The Law Offices of Brent J. Rhodes

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Call for free consultation: 985-262-7799

The Law Offices of Brent J. Rhodes

Connect with an Experienced Personal Injury Attorney Today

Call for free consultation: 985-262-7799

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Serious Injury Claims

2017 saw fewer motorcycle deaths in the U.S., more in Louisiana

| Jun 16, 2018 | Motorcycle Accidents |

Motorcycles can be fun vehicles to operate, but most motorcyclists respect the fact that there are dangers associated with motorcycling. While a motorcyclist can take every safety precaution — wearing a helmet and protective clothing, riding defensively and following traffic rules — there is still the possibility they could be involved in a fatal crash.

According to a report by the Governors Highway Safety Association, fatal motorcycle accidents in the United States appear to have gone down 5.6 percent in 2017 from 2016. In 2016, nationwide 5,286 motorcyclists lost their lives in a motorcycle accident. Compare this to 2017, where preliminary data suggests around 4,990 motorcyclists lost their lives in a motorcycle accident.

That being said, in Louisiana there was a slight uptick in the number of motorcyclist deaths. In 2016, 92 motorcyclists in Louisiana were killed in motorcycle crashes. This number raised to 95 in 2017 — a 3.3 percent increase.

So, even though nationwide motorcycle accidents may be on the decline, riding a motorcycle is still dangerous. The GHSA reports that per miles driven, the fatality rate for motorcyclists is 28 times greater than the fatality rate per miles driven for those in a standard automobile. Moreover, motorcyclists made up 14 percent of all motor vehicle fatalities in 2017, a 5.7 percent increase since 1994.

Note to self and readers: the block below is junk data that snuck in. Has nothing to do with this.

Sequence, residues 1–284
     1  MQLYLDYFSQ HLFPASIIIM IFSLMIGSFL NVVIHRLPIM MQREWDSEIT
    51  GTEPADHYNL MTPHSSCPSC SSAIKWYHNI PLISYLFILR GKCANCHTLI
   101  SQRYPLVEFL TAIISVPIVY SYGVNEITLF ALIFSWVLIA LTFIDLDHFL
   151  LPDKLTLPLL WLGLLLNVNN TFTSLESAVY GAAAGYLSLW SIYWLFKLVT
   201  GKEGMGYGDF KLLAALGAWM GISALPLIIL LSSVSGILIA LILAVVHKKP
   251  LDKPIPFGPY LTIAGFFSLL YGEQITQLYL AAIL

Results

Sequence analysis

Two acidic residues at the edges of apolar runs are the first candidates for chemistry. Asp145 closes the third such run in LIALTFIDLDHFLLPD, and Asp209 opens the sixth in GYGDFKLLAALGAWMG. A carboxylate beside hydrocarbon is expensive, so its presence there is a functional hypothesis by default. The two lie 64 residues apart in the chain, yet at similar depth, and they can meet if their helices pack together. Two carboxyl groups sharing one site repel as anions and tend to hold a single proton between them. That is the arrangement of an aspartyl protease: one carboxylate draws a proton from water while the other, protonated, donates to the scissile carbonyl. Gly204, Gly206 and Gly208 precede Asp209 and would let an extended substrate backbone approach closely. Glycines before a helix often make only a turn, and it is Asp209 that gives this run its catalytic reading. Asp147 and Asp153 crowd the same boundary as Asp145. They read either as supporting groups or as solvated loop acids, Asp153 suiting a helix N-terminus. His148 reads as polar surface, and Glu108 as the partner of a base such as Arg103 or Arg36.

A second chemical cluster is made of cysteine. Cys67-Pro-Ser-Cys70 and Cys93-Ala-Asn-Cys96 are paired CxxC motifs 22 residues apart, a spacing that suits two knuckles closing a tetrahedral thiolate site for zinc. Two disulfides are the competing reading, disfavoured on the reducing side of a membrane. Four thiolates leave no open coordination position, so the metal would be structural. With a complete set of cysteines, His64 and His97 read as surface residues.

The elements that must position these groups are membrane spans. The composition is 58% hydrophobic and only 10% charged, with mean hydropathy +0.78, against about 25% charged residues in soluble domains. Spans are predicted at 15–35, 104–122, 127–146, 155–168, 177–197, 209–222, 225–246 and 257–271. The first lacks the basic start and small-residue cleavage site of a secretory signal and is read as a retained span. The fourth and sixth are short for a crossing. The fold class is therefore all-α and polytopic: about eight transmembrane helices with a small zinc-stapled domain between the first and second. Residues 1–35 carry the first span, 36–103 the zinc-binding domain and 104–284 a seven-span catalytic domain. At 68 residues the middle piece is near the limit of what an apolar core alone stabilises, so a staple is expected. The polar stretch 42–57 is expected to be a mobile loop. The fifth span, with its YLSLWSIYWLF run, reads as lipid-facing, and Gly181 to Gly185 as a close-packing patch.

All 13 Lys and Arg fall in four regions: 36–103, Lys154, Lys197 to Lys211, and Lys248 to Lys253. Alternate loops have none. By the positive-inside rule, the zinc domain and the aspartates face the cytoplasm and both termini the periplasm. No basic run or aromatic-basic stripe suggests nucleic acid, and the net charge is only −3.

These statistics review the sobering truth that motorcycle crashes are still dangerous, even if they are occurring less frequently. When a motorcyclist is hit by an automobile, the motorcyclist can suffer very serious injuries or even death. Motorists have a duty to drive in a manner that is reasonable under the circumstances. If the motorist breaches this duty by striking a motorcyclist, and this breach was the actual and proximate cause of the motorcyclist’s injuries or death, that motorist may face liability. Keep in mind that every situation is different. Since this post does not contain legal advice, those who are wondering if they can hold a motorist liable for a motorcycle accident should seek the help they need to determine if they can pursue a lawsuit.